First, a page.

Tijuana has a new mayor, same as the old mayor, as Arturo González Cruz retakes office
The first female mayor of Tijuana served for less than a month before her previous boss returned Thursday, demanding his old job back.
Arturo González Cruz, the elected mayor of Tijuana, stepped away from office in mid-October, after appointing his education secretary, Karla Ruiz MacFarland, to serve in his absence. Then, in a turn of events that was bizarre even by Baja California standards, González Cruz announced Thursday he plans to temporarily resume his mayoral duties — at least for the next few weeks.
The 66-year-old real estate executive said he plans to continue serving in the Tijuana mayor’s office while he awaits a decision from his political party about whether it will back his bid for a higher political office.
“I will continue to await the call that my party makes. I am going to exercise my political rights,” said González Cruz, referring to his right to return to his previous position.
“Today, more than ever, I am determined that Baja California needs urgent change,” he added.
While it is not uncommon for local elected officials in Mexico to step away from their public office while campaigning for a different elected position, they don’t often return within three weeks of stepping down.
In April 2019, former Mayor Juan Manuel Gastélum Buenrostro stepped down for several months to work on his reelection campaign, which he lost. He returned to office in June of that year, after losing to González Cruz.
In mid-October, González Cruz denied that he was stepping away to run for office. On Thursday, his tone had changed.
Asked at a news conference Thursday whether he wanted to be governor of Baja California, González Cruz replied that “anyone who loves his state would like to participate in that function” and that it would be a great honor to run for that position. He said that his return to the municipal government position was not because he was told he will not be the gubernatorial candidate for his Morena political party.
“On the contrary, we are redoubling efforts to see how we are going to participate towards 2021,” he said.
‘There’s too much on the line not to vote,’ says one U.S. citizen, who lives in Tijuana.
González Cruz, who belongs to the same Morena political party as the governor of Baja California and the president of Mexico, “took license” or stepped down from his position as mayor Oct. 14, after Gov. Jaime Bonilla accused him of being involved in the assassination of a local blogger.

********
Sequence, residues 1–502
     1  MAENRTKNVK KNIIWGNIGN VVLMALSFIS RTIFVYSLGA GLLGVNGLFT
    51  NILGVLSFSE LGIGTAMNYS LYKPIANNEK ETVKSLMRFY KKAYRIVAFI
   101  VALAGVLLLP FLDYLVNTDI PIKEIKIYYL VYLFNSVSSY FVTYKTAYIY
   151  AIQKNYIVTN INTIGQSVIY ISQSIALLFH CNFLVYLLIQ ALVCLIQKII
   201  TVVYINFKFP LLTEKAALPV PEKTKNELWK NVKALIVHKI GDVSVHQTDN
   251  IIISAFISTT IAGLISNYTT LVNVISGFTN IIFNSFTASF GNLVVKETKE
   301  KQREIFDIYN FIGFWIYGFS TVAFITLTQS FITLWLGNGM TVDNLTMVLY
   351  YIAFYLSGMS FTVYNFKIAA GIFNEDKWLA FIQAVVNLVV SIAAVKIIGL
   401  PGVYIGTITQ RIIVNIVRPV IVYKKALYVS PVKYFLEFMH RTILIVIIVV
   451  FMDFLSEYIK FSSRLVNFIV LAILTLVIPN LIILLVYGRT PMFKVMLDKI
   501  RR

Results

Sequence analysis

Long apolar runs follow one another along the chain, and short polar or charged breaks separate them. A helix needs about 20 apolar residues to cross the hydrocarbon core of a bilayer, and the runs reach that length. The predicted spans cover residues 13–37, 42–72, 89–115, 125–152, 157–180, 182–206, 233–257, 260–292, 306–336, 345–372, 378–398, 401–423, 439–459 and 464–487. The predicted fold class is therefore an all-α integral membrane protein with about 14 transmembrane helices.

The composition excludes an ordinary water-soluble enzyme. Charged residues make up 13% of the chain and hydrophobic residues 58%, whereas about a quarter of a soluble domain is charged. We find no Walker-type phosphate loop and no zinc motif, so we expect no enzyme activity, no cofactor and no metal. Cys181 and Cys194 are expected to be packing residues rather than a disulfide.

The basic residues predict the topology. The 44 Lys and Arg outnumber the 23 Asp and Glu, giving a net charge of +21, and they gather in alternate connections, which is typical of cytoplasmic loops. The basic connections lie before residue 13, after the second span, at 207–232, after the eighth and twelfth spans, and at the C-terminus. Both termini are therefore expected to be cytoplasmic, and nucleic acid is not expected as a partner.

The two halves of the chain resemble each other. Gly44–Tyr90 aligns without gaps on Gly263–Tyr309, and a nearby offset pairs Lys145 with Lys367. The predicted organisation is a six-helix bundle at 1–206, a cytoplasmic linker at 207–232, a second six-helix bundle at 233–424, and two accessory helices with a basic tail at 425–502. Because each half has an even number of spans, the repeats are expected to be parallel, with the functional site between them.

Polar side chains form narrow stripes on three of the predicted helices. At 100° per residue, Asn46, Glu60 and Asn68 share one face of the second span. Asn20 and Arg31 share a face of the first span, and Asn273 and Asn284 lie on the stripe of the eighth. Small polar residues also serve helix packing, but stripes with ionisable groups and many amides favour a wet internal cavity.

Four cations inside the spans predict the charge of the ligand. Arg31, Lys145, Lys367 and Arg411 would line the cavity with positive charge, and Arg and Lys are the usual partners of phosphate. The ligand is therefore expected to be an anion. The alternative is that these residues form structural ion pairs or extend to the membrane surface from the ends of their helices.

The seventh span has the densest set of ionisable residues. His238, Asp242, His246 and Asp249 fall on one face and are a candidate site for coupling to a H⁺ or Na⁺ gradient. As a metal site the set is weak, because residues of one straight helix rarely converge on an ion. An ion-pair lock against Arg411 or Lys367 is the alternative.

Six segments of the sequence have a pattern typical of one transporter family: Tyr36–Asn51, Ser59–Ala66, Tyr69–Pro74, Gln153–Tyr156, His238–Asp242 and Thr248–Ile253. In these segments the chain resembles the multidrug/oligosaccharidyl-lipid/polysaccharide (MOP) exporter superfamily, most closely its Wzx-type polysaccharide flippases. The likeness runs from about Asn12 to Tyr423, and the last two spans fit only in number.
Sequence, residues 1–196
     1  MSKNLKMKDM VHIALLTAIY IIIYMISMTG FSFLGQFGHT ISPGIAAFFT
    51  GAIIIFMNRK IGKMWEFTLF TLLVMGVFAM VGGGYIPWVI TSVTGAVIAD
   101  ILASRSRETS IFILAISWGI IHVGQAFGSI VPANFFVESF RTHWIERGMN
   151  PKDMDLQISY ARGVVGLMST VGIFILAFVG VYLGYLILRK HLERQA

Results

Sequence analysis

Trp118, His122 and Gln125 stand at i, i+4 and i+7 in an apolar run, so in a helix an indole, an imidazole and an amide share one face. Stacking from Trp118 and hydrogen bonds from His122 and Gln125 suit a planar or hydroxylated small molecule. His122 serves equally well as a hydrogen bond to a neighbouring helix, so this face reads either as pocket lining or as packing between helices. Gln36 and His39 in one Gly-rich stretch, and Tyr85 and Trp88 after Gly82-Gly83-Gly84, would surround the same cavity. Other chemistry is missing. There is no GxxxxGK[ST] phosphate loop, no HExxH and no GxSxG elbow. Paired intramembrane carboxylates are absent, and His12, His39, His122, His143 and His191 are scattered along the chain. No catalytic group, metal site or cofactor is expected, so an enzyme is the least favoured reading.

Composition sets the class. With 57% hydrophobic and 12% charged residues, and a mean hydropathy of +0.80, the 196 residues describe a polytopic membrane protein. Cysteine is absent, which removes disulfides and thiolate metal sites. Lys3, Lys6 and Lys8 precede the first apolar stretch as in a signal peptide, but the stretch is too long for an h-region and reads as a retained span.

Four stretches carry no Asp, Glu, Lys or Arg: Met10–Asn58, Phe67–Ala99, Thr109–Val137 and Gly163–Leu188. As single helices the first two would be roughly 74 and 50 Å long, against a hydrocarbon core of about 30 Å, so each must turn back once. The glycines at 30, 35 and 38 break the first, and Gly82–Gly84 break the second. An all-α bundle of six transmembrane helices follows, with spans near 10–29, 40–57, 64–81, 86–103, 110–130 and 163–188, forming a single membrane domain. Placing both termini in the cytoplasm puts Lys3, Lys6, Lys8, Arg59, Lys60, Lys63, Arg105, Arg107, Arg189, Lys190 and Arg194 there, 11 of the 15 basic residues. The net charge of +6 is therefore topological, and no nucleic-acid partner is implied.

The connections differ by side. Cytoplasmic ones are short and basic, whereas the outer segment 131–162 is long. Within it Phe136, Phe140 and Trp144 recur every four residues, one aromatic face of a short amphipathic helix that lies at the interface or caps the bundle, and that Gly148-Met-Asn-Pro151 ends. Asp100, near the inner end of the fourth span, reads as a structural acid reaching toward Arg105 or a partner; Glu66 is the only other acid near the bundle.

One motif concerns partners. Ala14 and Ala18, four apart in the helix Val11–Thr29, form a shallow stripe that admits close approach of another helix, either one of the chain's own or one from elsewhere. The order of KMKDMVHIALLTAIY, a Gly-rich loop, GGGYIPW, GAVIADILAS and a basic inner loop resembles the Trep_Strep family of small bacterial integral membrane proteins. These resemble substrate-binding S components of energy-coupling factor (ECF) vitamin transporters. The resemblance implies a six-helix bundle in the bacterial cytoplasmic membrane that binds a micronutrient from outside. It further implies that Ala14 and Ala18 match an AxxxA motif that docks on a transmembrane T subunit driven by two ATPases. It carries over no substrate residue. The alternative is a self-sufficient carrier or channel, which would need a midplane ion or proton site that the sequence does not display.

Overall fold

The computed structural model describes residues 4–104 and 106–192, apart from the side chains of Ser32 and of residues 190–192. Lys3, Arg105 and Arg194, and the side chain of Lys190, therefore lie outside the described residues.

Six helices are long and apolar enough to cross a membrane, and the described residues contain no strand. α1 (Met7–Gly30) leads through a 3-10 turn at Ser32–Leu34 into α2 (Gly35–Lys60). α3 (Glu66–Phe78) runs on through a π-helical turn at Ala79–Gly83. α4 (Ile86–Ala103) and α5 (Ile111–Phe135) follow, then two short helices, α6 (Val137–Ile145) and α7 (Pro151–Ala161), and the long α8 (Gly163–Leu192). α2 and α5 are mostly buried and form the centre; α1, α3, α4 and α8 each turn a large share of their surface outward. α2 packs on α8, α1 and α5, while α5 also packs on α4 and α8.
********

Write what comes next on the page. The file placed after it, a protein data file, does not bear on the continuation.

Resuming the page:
González Cruz vehemently denied those accusations and said he planned to take legal action to stop Bonilla from making them. Bonilla said the victim’s family believed González Cruz was responsible, but state law enforcement authorities said there was not enough evidence to even question the mayor.
González Cruz named Ruiz MacFarland, his education secretary and the daughter of Baja California Atty. Gen. Guillermo Ruiz, as his replacement with much fanfare about appointing the first female to the position. During a ceremony at City Hall on Oct. 16, Ruiz became the first female mayor of Tijuana, a border city of approximately 2.1 million residents.
“Today, my story will be written for being the first female [mayor] of Tijuana, but the commitment that I acquire is not limited there. I appreciate the trust placed in me ... " she said the day she was sworn-in. “I want history to write my name, as the first [female] Mayor who worked to contribute to the transformation of Tijuana and the transformation of Mexico.”
González Cruz said Thursday that “Tijuana is very grateful to her for the excellent work she did during this period,” of approximately three weeks. González Cruz delivered a letter Thursday to the municipal secretary of government, Carlos Murguía, indicating he would reassume his functions at 9 a.m. Thursday.
Ruiz did not respond to a request for comment.
The mayor said he hopes that Ruiz will resume her position as the municipal public education secretary, although he said Ruiz told him she would consider and make that decision with her family.
González Cruz said Ruiz was aware from the beginning that there was a possibility that he would return and denied that she was bothered by the sudden change.
If he requests a license again, by law, it would be Ruiz who would replace him again.
Bonilla said during his daily morning update streamed live on Facebook that he was not aware that González Cruz had returned to office before reporters began asking him about it on Thursday morning.
“This was a major embarrassment for the city of Tijuana,” Bonilla said in an interview late Thursday. “He has proven my point that he is not a stable person.”
Mendoza and Fry write for the San Diego Union-Tribune.
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